When it comes to endurance sports nutrition, it can all essentially be broken down into two categories: what to eat and when to eat. While most athletes, coaches, and dietitians focus on the what, in this blog, we’ll focus on the much less discussed when which is equally important.
An Ideal Training Day
Here is an ideal training/fueling routine that involves eating a big breakfast 2-3 hours before a morning workout. The majority of calories are taken in during the first half of the day, as lunch and dinner are light and meant to simply keep nutrients in the body and prevent hunger. Carbs are utilized early in the day to supplement the workout, but are limited as the day goes on. Lastly, each day is finished with 3 hours of fasting before bed.
This schedule simply does not work for most athletes due to their other obligations throughout the day, but the principles behind it are key to understanding nutritional timing in order to improve one’s own routine. Let’s take a deeper look:
1 Fuel adequately for workouts and maximize digestion: Never go into a workout hungry, but also don’t go into one with a full stomach. Avoid foods high in insoluble fiber before workouts, like raw vegetables, raw nuts, and certain types of fruit like oranges due to their difficulty to digest. By eating a regular meal, rich in complex carbs and healthy fats 2-3 hours before getting on the bike, the body has time to turn that food into fuel. This way, one starts their ride with an empty stomach and muscles filled with glycogen.
2 Metabolism is most efficient in the morning: As the day goes on, metabolism naturally slows, reaching it’s lowest rate late in the evening just before going to bed. With this, calories consumed earlier in the day will be utilized more efficiently to provide fuel to muscles and nutrients to aid in recovery. Excess calories consumed later in the day have a much higher probability of being stored as fat, rather than burned for fuel.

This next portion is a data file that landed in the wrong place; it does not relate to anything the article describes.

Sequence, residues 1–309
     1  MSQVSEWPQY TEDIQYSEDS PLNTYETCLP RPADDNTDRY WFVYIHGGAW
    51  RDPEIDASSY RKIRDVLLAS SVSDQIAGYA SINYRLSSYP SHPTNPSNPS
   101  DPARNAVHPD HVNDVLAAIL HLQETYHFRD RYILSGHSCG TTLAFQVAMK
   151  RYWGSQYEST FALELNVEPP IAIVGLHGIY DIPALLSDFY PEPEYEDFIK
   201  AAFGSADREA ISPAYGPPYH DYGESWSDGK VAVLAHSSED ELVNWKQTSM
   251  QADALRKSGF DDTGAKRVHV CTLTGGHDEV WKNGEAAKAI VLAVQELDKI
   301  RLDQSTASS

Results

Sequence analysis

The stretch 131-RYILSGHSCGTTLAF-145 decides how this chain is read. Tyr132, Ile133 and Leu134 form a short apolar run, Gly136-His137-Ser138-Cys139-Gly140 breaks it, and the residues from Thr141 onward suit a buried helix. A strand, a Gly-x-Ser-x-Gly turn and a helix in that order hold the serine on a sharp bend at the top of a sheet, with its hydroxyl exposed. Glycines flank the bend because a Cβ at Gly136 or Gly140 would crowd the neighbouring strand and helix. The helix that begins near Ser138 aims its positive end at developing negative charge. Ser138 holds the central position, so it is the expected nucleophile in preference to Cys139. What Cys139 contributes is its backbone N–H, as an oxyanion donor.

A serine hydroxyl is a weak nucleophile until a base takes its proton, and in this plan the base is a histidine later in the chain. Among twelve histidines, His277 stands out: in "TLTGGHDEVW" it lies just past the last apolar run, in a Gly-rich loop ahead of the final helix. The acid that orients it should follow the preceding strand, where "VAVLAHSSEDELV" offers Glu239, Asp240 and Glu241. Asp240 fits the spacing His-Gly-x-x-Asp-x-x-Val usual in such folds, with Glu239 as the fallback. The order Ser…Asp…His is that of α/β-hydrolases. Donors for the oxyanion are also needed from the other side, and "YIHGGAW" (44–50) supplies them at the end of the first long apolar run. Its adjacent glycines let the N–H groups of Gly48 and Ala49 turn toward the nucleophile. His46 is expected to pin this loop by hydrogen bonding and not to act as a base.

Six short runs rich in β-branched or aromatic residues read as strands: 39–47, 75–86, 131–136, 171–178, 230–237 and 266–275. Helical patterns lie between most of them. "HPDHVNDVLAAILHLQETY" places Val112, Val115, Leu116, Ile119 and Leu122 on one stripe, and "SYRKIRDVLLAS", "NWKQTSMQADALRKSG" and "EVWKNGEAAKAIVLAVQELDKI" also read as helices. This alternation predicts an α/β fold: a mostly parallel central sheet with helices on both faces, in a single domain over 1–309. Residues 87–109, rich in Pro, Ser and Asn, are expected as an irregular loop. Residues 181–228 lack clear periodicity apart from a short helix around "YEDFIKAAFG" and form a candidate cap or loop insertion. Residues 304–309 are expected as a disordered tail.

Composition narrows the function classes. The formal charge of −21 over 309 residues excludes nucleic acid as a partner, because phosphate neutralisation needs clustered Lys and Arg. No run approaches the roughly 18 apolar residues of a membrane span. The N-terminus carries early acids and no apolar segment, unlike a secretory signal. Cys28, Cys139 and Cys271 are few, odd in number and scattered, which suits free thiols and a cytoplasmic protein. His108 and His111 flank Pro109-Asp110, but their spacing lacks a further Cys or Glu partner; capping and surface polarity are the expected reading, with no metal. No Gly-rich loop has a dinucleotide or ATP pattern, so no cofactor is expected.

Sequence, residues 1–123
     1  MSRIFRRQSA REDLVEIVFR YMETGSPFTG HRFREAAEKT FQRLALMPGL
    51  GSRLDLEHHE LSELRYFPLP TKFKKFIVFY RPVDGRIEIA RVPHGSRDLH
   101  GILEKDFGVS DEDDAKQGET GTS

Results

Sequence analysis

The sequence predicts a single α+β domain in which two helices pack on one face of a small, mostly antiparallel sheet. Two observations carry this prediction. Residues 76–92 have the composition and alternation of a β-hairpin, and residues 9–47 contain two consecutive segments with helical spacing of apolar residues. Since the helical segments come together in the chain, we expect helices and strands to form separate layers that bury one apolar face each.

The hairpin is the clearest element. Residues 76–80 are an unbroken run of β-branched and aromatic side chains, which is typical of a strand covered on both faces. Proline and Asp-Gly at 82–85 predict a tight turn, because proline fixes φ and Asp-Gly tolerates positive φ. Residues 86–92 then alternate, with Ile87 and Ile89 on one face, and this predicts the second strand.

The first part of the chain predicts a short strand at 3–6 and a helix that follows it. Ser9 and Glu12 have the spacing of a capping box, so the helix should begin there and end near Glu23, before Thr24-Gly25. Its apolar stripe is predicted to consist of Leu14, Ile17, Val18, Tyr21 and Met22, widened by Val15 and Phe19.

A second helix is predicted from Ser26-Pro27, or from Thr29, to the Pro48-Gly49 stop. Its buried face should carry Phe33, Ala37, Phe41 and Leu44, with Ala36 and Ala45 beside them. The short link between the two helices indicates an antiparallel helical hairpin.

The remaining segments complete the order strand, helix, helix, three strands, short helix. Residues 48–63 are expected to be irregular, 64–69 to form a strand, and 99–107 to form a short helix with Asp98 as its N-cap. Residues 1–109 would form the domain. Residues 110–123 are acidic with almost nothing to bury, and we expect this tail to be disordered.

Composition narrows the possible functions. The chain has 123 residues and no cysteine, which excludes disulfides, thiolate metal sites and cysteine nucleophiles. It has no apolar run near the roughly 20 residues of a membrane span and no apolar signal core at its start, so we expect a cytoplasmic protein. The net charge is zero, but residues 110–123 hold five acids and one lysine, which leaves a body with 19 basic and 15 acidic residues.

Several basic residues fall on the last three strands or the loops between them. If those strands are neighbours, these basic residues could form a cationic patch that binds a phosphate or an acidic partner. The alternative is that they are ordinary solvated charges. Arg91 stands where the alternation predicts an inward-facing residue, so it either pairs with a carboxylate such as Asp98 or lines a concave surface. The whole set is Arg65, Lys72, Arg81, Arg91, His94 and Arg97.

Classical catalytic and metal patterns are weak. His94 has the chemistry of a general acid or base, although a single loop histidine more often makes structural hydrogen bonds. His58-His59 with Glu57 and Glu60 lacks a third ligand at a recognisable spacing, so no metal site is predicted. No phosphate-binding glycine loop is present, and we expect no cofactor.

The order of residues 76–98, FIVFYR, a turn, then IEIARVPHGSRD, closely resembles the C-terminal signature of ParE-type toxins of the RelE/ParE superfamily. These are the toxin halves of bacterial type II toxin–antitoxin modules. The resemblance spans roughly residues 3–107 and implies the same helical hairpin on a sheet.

3 Going to bed on a full stomach hinders recovery: While one shouldn’t go to bed hungry, you shouldn’t go to sleep with a full stomach. During sleep, the endocrine system rebalances and secretes hormones like HGH which are incredibly important for recovery and the maintenance of a healthy and efficient metabolism. However, this process is hindered when the stomach is full, especially in the presence of excess carbohydrates.
4 Utilize carbohydrates to supplement workouts: Treat carbs as a “supplement” for workouts, while limiting them in day-to-day life outside of training. Carbs provide fast energy and are key to recovery. Consume complex carbs before a workout like whole grains; simple carbs (sugar) every hour during (if a multi-hour workout); and add simple carbs to the recovery drink in a 2:1 ratio of carbs to protein. Remember, protein needs simple carbs in order to be efficiently taken into muscle cells and utilized for recovery.
5 Simulate your race day routine on hard workout days: If one’s races typically start at 8 a.m. it’s best to start their big workouts at 8 a.m. as well. Follow the race day routine to a T, mimicking everything from the contents of the favorite race day breakfast to the duration of time (ideally 2-3 hours) likely to eat before the start gun goes off. By doing this, the race day routine becomes second nature which helps prevent nerves and surprise problems when the big event comes.
6 Finding a Balance: Training for endurance sports is all about finding a balance that works for not only for a person’s body but also their life. Most athletes will not be able to follow the above principles perfectly and that’s okay. The important thing is to be conscious of them and use this knowledge to make little adjustments in one’s daily routine to get the most out of their training.